That’s why I decided to organize AND crowdfund a seminar in Berlin in which I’ll be talking about, crowdfunding for independent filmmakers“. US-filmmaker Lucas McNelly will join us as a guest-speaker and will talk about his experiences in crowdfunding and filmmaking. My twitter friend Spoxx is supporting me in terms of creating some buzz for the event and organizing it. There will also be a live-stream, so you’re invited to join us!

Anyway, even if you do reach people via social media, you still don’t reach enough to successfully end your campaign. You’ll always need traditional media for spreading the word. Only then the masses will come and hopefully support your project. That’s what we’re trying to do in Germany right now.
But what about international press contacts?

Especially in the USA there are lots of great indie film resources and blogs but it’s hard to get their attention (except FilmCourage, of course ;-). So I’d really appreciate it if you could spread the word for this awesome film (you’ll find more details below).

These are only a few thoughts and I’d like to hear your point of view, so please comment here or tweet me @gumpelmaier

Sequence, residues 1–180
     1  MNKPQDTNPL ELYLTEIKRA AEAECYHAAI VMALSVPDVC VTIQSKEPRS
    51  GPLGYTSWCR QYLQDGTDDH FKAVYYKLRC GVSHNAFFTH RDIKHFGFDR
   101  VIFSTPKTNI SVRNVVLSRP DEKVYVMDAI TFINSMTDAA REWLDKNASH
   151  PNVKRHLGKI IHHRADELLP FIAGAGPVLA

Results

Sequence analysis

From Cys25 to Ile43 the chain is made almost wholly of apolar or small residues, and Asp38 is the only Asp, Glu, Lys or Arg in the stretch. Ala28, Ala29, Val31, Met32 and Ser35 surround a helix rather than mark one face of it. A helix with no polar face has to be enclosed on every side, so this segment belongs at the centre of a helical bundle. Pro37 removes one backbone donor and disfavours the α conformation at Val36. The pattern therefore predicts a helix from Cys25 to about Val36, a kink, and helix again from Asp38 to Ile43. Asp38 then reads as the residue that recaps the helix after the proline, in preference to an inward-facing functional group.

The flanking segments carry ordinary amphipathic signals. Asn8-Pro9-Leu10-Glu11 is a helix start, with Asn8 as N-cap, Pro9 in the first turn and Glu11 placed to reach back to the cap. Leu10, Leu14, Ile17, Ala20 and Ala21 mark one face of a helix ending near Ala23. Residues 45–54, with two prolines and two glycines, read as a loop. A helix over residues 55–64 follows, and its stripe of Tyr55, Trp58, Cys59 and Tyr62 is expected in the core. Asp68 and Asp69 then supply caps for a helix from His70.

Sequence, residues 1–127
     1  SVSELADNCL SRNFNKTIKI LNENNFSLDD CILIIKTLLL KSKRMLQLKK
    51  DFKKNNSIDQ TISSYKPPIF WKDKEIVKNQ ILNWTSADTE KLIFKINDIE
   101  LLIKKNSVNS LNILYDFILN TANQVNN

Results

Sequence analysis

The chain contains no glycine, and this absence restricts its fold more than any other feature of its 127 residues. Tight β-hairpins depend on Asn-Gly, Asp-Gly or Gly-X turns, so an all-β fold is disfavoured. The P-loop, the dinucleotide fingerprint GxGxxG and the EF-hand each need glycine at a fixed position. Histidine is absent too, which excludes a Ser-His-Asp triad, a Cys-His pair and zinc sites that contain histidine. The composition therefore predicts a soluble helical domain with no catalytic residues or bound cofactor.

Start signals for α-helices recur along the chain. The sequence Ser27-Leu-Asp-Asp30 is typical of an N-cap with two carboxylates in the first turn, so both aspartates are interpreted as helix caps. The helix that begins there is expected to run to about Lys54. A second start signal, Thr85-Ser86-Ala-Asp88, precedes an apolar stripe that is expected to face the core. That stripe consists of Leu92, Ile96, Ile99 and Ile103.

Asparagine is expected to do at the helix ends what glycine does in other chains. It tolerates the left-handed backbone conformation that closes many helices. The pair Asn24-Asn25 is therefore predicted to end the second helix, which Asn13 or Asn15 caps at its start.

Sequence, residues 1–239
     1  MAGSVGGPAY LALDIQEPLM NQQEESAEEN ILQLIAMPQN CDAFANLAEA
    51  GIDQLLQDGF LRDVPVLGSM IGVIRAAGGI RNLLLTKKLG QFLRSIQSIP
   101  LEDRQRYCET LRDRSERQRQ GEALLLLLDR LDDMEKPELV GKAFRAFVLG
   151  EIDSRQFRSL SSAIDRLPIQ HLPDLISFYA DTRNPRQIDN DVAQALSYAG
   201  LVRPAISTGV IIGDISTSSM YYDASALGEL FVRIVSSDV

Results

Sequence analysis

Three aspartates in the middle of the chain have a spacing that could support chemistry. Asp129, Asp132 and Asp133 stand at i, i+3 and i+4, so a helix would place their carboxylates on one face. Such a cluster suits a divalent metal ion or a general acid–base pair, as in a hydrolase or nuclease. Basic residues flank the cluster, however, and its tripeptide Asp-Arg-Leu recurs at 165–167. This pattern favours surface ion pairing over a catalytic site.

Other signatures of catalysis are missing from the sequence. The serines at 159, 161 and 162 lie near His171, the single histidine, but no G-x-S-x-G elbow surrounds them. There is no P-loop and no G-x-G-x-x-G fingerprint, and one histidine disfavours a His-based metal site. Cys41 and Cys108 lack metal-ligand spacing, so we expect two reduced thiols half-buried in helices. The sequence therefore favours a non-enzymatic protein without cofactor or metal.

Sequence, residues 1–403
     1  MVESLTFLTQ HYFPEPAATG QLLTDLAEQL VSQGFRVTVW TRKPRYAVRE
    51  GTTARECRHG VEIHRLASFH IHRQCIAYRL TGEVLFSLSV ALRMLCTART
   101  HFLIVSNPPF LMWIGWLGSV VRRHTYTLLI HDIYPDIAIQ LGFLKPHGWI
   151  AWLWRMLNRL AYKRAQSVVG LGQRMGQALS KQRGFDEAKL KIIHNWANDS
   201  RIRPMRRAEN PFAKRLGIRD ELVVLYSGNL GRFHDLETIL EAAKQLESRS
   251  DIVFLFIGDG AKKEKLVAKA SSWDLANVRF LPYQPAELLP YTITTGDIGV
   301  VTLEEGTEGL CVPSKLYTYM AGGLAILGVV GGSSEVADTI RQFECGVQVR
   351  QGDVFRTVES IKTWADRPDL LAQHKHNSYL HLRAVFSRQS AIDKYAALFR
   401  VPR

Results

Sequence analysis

coasts on the charisma of its subject, Gianni Meurer, a young man who was raised in Berlin by his German mother but decides to search for the Italian father he hasn’t seen in over 20 years. The biographical details are reportedly true, the action pure fiction.

The interweaving of elements of reality and fiction is a characteristic of my debut film, which tells with honest sympathy of the deep unease of its protagonist and the journey of a friendship through an alternative, unremarkable and undiscovered Italy.

” A film, emanating from a deep personal need, whose persuasive honesty touches the audience.” (Torino Film Festival)

Wolfgang Gumpelmaier, Social Film Marketing Consultant

Wolfgang was born in 1978 and lives in Austria. During his media studies at Vienna University he worked as a film critic and journalist. He is a passionate web user and always on the hunt for the latest trends in Social Media, online marketing, film distribution, crowdfunding, community building etc. He aggregates his knowledge in his Social Film Marketing blog, on, on Facebook and on Twitter. Wolfgang is also a regular speaker at a variety of workshops and film festivals. He is currently working on different projects throughout Europe.